When it comes to spies and lies, Mr. McCarry writes from experience. For a decade at the height of Cold War confrontation, he was an undercover agent for the Central Intelligence Agency. Many of the liveliest descriptions in the book deal with the world of intelligence. He depicts elaborate measures to avoid detection (“Useless precautions are the silent prayers of espionage”). He reveals the culinary habits of the K.G.B. (“Every great spymaster was also a glutton”). He charts the self-immolation of that agency as the Cold War ends. He explores the corrosive effect that secrecy has on the soul as the characters struggle to stay afloat in a swelling tide of deceit. The sensibilities of a former spook haunt his portrayal of Jack, whose chameleonlike qualities are presented with awe while his cowardice is scorned.
Jack’s belief that publicity makes Presidents is facile but not without resonance. Many of the hallmarks of his hollow campaign sound familiar: His ear for sound bites, his catchy theme song, his masterful ability to connect with voters and convey an illusion of caring. Instead of developing a platform, he spends millions on the media: “[T]he camera … surrendered like a smitten trollop … and made the world see him as more lovable, wiser, and more human that he actually was.” And despite the fact that Jack stands for nothing beyond his thirst for victory, he makes people feel that he’s just like them-and they forgive him anything.
Lucky Bastard blames the liberal left for much of this myopia. Even Peter, a confirmed Marxist, has nothing but scorn for what he calls the Unconscious Underground, “that community of right-thinkers” who “manned the junction boxes of influence and opinion in America.” He recalls the unquestioning faith progressives invested in Alger Hiss: “The same people who beatified Alger will discover and love Jack.… To them, Jack’s weaknesses will be strengths, his lies truths, his crimes miracles.”
The Republicans, meanwhile, come across as inept, insipid or insane. There’s Jack’s clumsy, horse-faced rival, F. Merriwether Street; a barely disguised Gipper with a sunny disposition and a stunted intellectual repertoire; and a Perot-like tycoon who splits the G.O.P. vote and gives slippery Jack the electoral toehold he needs.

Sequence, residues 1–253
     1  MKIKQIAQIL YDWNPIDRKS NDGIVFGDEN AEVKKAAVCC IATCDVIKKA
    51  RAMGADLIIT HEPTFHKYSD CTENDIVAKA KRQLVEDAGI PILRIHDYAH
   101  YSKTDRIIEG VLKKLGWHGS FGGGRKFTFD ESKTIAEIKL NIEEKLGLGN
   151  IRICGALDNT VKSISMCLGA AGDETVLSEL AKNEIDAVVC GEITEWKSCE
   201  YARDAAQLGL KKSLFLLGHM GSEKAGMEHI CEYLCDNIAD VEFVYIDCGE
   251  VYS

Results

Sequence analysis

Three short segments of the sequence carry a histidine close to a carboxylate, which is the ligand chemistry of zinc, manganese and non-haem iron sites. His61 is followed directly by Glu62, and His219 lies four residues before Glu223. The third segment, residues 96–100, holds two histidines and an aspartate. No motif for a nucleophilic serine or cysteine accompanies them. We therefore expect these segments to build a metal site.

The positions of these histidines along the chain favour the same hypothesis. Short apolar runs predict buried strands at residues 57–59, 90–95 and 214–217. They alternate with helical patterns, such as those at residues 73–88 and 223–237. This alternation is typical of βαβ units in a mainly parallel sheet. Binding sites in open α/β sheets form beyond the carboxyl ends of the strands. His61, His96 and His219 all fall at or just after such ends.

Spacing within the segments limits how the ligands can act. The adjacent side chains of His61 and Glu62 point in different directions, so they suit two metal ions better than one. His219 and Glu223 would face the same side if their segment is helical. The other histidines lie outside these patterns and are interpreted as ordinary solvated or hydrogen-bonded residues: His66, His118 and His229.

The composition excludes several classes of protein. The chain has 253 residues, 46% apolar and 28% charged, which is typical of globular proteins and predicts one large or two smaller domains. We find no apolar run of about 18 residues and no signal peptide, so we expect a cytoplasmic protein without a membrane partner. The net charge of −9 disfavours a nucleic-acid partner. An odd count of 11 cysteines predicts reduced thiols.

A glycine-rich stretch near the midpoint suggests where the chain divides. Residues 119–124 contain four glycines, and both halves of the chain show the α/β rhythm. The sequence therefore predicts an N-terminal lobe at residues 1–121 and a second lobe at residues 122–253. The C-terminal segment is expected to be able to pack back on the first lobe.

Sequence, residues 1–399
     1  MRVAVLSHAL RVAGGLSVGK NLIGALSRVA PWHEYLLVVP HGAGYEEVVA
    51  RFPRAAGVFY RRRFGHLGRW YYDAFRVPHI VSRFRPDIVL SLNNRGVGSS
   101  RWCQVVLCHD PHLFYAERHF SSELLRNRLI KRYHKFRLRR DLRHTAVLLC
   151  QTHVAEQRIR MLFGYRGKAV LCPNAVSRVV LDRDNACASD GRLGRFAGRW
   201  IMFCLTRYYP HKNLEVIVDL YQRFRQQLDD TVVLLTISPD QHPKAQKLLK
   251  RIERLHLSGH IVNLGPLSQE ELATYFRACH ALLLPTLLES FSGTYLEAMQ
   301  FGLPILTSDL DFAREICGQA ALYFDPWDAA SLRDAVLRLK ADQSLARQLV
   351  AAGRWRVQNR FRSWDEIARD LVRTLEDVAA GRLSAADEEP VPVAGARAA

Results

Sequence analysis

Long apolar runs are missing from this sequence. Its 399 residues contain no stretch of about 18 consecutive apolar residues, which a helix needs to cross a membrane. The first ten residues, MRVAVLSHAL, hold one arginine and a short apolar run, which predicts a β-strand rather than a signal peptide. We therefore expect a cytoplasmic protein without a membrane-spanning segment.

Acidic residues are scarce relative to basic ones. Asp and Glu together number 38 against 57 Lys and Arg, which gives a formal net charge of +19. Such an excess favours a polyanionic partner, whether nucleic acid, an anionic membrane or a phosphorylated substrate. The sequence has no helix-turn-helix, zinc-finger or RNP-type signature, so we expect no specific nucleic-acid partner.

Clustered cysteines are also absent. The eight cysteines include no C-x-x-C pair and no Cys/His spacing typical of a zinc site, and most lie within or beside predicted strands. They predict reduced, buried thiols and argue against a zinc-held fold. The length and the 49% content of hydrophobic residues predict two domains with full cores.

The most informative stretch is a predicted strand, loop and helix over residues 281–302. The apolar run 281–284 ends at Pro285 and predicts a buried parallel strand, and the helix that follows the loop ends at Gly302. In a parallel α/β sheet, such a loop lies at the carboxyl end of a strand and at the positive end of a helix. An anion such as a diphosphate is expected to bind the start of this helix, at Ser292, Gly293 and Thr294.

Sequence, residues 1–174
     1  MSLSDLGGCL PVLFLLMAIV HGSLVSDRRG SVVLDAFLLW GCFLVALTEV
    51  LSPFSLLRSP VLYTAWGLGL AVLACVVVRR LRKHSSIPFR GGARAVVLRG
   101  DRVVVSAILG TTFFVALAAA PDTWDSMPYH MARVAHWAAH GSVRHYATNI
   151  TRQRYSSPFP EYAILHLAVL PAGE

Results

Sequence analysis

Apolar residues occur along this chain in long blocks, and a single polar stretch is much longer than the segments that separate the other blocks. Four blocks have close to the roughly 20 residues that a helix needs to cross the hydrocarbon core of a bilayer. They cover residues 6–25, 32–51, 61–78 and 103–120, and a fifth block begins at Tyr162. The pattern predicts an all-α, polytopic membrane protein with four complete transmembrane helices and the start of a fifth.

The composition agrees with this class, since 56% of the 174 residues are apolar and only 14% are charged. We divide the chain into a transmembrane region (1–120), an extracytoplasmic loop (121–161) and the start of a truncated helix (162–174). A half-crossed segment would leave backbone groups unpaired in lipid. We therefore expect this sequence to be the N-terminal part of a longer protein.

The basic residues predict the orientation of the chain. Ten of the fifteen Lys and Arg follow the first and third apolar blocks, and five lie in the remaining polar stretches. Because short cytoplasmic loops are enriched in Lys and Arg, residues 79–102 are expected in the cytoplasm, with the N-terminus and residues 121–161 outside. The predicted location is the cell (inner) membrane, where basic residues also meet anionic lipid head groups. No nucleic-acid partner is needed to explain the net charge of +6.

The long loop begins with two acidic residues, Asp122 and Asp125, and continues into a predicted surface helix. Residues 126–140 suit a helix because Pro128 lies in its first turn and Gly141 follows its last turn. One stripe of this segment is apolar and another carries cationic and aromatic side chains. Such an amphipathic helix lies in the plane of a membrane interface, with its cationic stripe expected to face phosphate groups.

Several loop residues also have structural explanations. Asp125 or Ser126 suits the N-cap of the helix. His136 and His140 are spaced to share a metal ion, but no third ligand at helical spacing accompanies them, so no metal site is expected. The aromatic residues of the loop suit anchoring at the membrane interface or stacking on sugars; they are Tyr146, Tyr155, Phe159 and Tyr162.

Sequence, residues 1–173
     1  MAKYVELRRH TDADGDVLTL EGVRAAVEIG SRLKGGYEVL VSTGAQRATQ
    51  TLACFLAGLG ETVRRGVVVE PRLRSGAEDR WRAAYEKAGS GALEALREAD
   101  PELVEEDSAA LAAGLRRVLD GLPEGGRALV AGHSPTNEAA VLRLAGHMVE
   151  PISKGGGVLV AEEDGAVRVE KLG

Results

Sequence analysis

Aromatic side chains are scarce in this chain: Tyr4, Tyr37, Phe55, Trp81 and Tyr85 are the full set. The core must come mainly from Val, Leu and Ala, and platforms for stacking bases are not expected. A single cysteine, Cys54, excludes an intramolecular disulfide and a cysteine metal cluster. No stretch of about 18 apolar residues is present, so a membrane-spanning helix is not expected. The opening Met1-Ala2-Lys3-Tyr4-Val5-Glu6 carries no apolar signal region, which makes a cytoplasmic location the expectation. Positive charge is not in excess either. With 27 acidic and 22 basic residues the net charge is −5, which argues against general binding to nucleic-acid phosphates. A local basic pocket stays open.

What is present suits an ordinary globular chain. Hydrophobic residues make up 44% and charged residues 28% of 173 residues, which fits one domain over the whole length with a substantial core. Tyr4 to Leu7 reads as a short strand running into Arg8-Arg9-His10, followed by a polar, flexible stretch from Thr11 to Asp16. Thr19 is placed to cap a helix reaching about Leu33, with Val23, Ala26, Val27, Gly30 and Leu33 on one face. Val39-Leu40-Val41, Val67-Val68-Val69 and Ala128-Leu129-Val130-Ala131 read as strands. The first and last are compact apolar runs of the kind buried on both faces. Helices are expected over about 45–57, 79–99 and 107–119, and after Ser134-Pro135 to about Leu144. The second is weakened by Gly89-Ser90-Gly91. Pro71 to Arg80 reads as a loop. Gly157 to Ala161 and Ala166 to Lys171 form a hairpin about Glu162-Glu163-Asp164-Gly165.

Mostly, Mr. McCarry condemns the erosion of principle in politics. Even a Communist spy with conviction is more sympathetic than Jack. Yet it’s precisely the notion that American idealism is dead-that politicians are corrupt, Presidents are crooks and government aims to do harm-which fuels the paranoia and suspicion that permit conspiracies like this one to thrive.
Lucky Bastard is dedicated to the memory of novelist Richard Condon, and is a distant descendant of his book The Manchurian Candidate , the mother of all conspiracies. Instead of being brainwashed by Communist agents to kill a Presidential candidate, Jack is blackmailed by Communist agents into running for President himself. Instead of a domineering mom, Jack has a nagging wife. And if some believe The Manchurian Candidate prophesied John F. Kennedy’s murder, Kennedy’s spirit permeates the pages of Lucky Bastard .
In an homage to Condon, Mr. McCarry wrote that “America never quite regained its psychic feet after Dallas.” Kennedy’s death triggered the fear that some mysterious hand was pulling the nation’s strings for personal gain. But if conspiracy theories are the dark side of our democracy (in the land of the free, where everything is possible, anything is conceivable), democracy is also conspiracy’s best antidote.
And if Lucky Bastard would have us believe that politics is the business of screwing and getting screwed, that sound bites trump substance, that charisma beats character and that sex, lies and videotape can determine the fate of the nation, Mr. McCarry still holds out hope for the system whose foibles and faults he lampoons. Jack Adams may have been born to run, but he’s no Jack Kennedy.